mRNA vaccines weaken immune system even after COVID-19 recovery, according to UK data
COVID-19 vaccines appear to inhibit the body’s natural ability to produce antibodies, leaving vaccinated people vulnerable to infection.
The alarming information was contained in the UK government’s latest “COVID-19 vaccine surveillance report,” which noted that “N antibody levels appear to be lower in people who acquire infection following two doses of vaccination.”
Vaccine researcher Alex Berenson first highlighted the UK government’s alarming admission, warning it means vaccinated people will never be able to acquire full immunity even after they’ve recovered from an infection.
“What the British are saying is they are now finding the vaccine interferes with your body’s innate ability after infection to produce antibodies against not just the spike protein but other pieces of the virus,” Berenson explained.
“Specifically, vaccinated people don’t seem to be producing antibodies to the nucleocapsid protein, the shell of the virus, which are a crucial part of the response in unvaccinated people.”
The result is “vaccinated people will be far more vulnerable to mutations in the spike protein EVEN AFTER THEY HAVE BEEN INFECTED AND RECOVERED ONCE,” Berenson writes.
“It also means the virus is likely to select for mutations that go in exactly that direction, because those will essentially give it an enormous vulnerable population to infect. And it probably is still more evidence the vaccines may interfere with the development of robust long-term immunity post-infection.”
Berenson’s research dovetails with results from an independent study conducted by an Illinois physician who demonstrated how the COVID vaccine suppresses the body’s adaptive immune system, leaving vaccinated individuals more susceptible to illness and possibly explaining the phenomenon of “breakthrough infections.”
“If they have this low [immunity] and it stays and it persists… and that adaptive immune system response persists… it’s going to have a bad response to any other kind of viral infection,” claimed Dr. Nathan Thompson.
“If you looked at that blood work, would you say that this person is very susceptible to having another viral infection, and maybe…you just might call it a breakthrough infection, you guys see that? A breakthrough infection.”
“Could it be that after this maybe this is happening in a lot of people and leaving them wide open to have breakthrough infections after that?” the doctor questioned, imploring other doctors to conduct their own tests.
COVID-19 vaccine developer Dr. David LV Bauer also admitted the jabs destroy the body’s immune response, lowering crucial antibodies necessary to fight off disease.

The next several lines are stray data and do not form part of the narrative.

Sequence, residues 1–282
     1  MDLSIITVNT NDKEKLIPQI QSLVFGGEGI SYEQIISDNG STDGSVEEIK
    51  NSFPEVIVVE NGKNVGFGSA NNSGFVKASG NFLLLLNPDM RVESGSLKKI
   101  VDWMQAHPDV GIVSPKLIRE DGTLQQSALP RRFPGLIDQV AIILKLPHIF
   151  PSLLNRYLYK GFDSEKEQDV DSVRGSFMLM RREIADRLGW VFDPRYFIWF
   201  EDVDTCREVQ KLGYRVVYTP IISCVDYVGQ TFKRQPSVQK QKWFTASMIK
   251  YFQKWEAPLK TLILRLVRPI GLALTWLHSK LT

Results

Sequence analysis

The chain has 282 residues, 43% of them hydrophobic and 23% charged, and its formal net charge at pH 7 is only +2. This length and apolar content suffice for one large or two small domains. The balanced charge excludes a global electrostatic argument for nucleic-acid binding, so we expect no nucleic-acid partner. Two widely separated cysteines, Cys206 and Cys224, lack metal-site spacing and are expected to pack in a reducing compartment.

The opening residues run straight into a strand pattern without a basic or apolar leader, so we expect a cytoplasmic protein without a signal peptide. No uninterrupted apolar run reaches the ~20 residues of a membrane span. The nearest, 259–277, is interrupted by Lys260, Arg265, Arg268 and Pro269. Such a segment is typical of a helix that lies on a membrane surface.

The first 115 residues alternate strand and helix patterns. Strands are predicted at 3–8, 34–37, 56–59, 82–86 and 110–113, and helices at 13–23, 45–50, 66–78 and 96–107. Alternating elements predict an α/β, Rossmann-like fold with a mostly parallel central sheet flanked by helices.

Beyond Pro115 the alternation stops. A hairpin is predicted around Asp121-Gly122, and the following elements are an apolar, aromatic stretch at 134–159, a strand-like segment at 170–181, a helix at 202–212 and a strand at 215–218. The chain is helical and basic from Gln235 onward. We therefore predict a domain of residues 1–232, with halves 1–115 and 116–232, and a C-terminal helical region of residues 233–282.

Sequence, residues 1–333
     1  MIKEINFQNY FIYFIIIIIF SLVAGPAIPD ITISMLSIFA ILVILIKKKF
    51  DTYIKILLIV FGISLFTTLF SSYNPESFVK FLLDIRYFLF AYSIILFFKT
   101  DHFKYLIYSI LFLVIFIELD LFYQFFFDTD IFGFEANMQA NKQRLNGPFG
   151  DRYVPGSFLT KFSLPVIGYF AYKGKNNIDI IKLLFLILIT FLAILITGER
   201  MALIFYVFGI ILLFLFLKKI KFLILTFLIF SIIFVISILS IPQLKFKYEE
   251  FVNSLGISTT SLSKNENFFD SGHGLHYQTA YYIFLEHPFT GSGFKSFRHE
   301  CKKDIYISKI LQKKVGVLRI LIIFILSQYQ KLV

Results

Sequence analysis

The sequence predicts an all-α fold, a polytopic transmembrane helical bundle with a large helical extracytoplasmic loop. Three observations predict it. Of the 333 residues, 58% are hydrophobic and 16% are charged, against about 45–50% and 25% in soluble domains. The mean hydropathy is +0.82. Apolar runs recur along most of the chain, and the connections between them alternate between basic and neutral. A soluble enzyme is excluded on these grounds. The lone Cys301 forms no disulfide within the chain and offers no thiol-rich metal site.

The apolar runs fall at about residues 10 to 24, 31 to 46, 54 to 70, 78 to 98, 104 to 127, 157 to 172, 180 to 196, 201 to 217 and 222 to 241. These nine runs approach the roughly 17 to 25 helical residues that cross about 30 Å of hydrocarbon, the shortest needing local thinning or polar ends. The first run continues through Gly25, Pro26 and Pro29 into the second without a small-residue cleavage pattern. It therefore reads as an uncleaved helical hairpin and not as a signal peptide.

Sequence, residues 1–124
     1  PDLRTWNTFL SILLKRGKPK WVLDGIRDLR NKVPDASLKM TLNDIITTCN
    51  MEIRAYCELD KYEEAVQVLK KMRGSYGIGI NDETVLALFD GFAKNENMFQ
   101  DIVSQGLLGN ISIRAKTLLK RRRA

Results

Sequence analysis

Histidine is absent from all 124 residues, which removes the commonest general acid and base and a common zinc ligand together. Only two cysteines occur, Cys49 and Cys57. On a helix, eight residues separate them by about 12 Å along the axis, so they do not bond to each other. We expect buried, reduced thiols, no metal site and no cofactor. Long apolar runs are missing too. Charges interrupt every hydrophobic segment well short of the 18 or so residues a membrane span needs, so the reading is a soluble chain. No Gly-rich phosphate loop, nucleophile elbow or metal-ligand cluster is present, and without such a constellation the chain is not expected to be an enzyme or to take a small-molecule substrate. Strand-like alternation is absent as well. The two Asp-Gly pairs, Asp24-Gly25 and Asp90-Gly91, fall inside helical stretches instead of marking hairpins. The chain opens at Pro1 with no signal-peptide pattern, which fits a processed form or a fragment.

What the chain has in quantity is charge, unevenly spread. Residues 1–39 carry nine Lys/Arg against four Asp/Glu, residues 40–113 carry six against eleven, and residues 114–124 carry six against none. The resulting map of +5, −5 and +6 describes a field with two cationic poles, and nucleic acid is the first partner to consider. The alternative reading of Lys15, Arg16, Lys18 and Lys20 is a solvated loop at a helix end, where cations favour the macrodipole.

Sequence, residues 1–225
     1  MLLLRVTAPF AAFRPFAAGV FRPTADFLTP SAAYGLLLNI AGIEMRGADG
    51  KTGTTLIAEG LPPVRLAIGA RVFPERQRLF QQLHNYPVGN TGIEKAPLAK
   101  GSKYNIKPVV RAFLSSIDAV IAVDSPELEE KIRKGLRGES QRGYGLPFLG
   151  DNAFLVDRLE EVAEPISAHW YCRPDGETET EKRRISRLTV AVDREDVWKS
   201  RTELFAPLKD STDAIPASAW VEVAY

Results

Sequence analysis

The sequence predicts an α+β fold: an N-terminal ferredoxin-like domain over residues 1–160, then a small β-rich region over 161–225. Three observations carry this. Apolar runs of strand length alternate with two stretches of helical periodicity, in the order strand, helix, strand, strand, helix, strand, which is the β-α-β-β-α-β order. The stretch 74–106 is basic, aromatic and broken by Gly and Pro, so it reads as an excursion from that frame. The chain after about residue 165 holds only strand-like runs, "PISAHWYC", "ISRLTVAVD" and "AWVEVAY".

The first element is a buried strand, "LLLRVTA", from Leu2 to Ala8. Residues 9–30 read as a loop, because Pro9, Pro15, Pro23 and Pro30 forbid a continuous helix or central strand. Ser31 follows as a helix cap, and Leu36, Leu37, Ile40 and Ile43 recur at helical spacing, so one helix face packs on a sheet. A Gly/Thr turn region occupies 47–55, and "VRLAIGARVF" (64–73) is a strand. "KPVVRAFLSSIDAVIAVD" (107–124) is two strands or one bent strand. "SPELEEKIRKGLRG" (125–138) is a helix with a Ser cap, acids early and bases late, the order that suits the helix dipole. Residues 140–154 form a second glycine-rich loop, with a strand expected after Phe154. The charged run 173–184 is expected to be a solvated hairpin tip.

Last week, Berenson during an appearance on the ‘Joe Rogan Experience’ also broke down how UK government data also showed double-vaccinated individuals contracted COVID at higher rates than unvaccinated people.
Washington Post editorial board calls for United States military invasion of Haiti
The Washington Post editorial board is calling for yet more military action in foreign nations, this time much closer to home in a seeming throwback to the era of the Monroe Doctrine.
“Haiti’s spiraling mayhem, florid lawlessness and humanitarian meltdown were predictable following the assassination of President Jovenel Moïse in July,” the op-ed published earlier in the week began. “In a country already crippled by governmental dysfunction, the vacuum of political legitimacy and authority after that murder left a breeding ground for anarchy.”
The article links Biden administration ‘inaction’ with the recent kidnapping of 17 Ohio-based missionaries in Port-au-Prince. Currently, a criminal gang is demanding $17 million for their release, as FBI agents are reportedly on the ground searching for clues as to where they are being held.
“The mess was largely ignored by the Biden administration, which has been preoccupied with other crises, until the kidnapping Saturday of 17 missionaries — a Canadian and 16 Americans, including five children — near the Haitian capital of Port-au-Prince,” WaPo continues.
“Now the maelstrom in the hemisphere’s poorest nation is no longer ignorable,” the editorial board writes.
Here are the key lines calling for US military action:
Yet for all its unintended consequences, outside intervention could also establish a modicum of stability and order that would represent a major humanitarian improvement on the status quo, and with it, the prospect of lives saved and livelihoods enabled.
In 2010, the U.S. sent a major Navy and Marine deployment to Haiti as part of Operation Unified Response in the wake of a deadly earthquake that devastated the country. Also this summer, a couple hundred Marines were sent in response to an earthquake that resulted in the deaths of more that 2,000 Haitians.
The editorial board concludes, “In the cost-benefit analysis that would attend any fresh intervention, policymakers must be alert to the risks, but also to the enormous peril of continuing to do nothing.”
How Florida could save Christmas: Port authority tells cargo vessels waiting to dock in California to divert via Panama Canal to The Sunshine State where there are no backlogs
The Jacksonville Port Authority said it’s the solution to an unprecedented logjam at The Ports of Los Angeles and Long Beach, where weeks-long queues are slowing commerce ahead of the year’s busiest shopping season.
It’s a sharp contrast from the scene in Jacksonville, which officials said has maintained terminal fluidity – and set a new container volume record – despite market disruptions.